The global food crisis and climate change will be among the top issues on the agenda of United Nations Secretary-General Ban Ki-moon as he attends the Group of Eight (G8) Summit in Japan this week.
“We must act, in Hokkaido and beyond - not merely because it is the right thing to do but also because it is in the enlightened interest of all of us,” Ban said ahead of the three-day G8 Summit scheduled to begin today, Monday 7 July 2008.
Urgent challenges to be addressed
Ahead of the summit, Ban sent letters to all G8 leaders in which he underscored that the world was facing three challenges that required their urgent attention: the food crisis, climate change, and progress on the anti-poverty targets with a 2015 deadline known as the Millennium Development Goals (MDGs).
Ban warned that unless decisive action was taken on the food crisis, an additional 100 million people around the world could fall below the poverty line.
Increased assistance for agricultural production
He recommended that the proportion of Official Development Assistance earmarked for agricultural production and rural development be increased from the present level of 3% to a new level of 10%, without diverting funds from current education or health budgets.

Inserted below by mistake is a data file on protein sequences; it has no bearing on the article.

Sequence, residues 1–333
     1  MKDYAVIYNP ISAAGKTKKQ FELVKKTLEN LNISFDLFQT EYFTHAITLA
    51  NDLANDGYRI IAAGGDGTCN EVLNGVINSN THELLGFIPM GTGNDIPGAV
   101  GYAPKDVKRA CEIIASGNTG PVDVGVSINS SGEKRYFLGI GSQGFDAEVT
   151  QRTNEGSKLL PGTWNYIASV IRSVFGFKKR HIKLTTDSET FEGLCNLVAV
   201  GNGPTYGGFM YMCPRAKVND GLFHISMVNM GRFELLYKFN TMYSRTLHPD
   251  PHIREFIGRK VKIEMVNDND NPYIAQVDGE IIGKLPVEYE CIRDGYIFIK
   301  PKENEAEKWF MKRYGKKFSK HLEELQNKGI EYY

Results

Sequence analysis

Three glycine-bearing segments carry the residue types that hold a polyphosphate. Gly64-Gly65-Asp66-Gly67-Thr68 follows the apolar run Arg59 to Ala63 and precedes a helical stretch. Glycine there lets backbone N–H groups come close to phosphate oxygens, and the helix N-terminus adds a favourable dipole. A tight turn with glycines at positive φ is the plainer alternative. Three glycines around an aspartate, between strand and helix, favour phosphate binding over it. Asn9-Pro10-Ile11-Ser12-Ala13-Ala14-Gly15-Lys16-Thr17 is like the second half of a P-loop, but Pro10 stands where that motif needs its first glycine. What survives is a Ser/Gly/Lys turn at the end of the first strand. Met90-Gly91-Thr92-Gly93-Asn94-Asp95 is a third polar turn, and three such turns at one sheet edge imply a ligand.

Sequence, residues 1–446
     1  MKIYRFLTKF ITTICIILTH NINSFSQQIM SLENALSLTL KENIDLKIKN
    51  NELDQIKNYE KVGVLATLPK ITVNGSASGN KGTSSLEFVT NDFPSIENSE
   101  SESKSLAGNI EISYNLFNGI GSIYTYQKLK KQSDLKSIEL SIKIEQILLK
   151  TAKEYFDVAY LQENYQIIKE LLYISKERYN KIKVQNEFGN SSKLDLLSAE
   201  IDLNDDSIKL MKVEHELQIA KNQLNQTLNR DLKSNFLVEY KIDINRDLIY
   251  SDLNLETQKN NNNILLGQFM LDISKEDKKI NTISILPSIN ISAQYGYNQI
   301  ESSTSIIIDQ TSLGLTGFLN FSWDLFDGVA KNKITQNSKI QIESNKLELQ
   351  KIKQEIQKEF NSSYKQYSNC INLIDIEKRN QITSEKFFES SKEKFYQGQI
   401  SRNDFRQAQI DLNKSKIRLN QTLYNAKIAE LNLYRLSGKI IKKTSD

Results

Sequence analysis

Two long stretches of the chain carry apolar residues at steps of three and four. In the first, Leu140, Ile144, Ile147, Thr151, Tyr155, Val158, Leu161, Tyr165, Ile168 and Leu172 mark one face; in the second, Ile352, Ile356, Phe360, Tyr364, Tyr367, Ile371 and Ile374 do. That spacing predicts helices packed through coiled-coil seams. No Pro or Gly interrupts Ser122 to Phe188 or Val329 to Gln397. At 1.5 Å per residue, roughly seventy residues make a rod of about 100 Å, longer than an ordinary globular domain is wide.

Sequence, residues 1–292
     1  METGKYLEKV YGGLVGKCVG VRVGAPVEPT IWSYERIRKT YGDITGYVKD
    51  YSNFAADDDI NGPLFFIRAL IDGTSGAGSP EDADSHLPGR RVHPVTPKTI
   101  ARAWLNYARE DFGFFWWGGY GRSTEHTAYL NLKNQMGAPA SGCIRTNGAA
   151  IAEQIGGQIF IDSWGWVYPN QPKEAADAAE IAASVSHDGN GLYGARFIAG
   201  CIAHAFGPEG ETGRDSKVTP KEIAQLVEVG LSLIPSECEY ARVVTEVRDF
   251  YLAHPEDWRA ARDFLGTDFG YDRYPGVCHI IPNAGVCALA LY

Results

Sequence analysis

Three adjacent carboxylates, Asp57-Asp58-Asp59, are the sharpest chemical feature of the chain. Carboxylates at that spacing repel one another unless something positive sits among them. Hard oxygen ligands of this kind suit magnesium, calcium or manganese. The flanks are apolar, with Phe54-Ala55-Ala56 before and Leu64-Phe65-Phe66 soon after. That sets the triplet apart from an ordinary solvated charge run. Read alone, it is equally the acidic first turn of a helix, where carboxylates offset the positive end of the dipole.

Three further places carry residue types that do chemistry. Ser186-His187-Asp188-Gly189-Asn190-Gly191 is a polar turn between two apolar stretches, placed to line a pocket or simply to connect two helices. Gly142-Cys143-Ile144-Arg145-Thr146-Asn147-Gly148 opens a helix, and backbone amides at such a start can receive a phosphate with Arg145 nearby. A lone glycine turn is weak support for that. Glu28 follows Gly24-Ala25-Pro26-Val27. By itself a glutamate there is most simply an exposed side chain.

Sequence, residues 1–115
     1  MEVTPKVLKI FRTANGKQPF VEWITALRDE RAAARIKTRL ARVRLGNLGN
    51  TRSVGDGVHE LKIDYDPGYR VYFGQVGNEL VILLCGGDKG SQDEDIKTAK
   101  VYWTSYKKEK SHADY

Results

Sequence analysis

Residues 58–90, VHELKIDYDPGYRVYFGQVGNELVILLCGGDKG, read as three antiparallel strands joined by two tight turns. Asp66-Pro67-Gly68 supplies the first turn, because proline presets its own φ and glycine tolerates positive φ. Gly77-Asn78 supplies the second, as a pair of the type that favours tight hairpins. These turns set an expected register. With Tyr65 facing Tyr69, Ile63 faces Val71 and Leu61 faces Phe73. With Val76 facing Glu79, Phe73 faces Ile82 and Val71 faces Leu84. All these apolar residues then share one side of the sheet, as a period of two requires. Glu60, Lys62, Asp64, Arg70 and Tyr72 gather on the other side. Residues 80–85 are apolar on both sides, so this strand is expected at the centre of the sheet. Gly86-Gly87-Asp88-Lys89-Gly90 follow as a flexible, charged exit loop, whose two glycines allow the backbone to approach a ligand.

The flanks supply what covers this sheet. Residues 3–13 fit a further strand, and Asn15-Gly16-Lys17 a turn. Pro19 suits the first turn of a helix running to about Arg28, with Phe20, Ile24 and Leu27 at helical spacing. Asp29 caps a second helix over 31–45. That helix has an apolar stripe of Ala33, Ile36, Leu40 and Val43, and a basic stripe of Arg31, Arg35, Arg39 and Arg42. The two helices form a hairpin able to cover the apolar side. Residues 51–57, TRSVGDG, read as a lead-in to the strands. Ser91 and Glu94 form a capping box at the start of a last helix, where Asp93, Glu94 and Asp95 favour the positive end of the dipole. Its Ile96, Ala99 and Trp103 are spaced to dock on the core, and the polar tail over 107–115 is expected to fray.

On climate change, he said that it was essential to reach agreement on what a new climate change regime will entail, taking into account elements agreed upon by participants at last year's historic conference in Bali.
Students asked to help
Over the weekend, the secretary-general issued a call to students taking part in a Model UN conference at Cheongju University, some 200 kilometres from Korea's capital Seoul, to look beyond national boundaries and aim high to help solve the world's numerous problems.
“Look at all the names of countries each of you are representing today, you will see that there is a whole world out there,” said Ban, who himself attended school in the city of Cheongju.
“Yes, you are Koreans but you should go beyond that and see that you are also citizens of the world. Korean may not be a global power; but Korea can be a global nation; Koreans can be global citizens.”
The secretary-general also paid a visit to Haengchi village, his birthplace, where he and Ban Soon-taek were welcomed by relatives, villagers, traditional music and drum ensembles and many others who travelled to see him.
He arrived in Korea from China, the second stop on a three-nation tour that also took him to Japan.Article published courtesy of BuaNews